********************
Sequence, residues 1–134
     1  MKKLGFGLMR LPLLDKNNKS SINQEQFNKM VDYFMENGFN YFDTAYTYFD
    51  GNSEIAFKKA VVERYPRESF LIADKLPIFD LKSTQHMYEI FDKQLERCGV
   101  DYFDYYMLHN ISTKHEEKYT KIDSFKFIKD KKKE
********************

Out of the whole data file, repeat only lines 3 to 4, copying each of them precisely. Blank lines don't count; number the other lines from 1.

    51  GNSEIAFKKA VVERYPRESF LIADKLPIFD LKSTQHMYEI FDKQLERCGV
   101  DYFDYYMLHN ISTKHEEKYT KIDSFKFIKD KKKE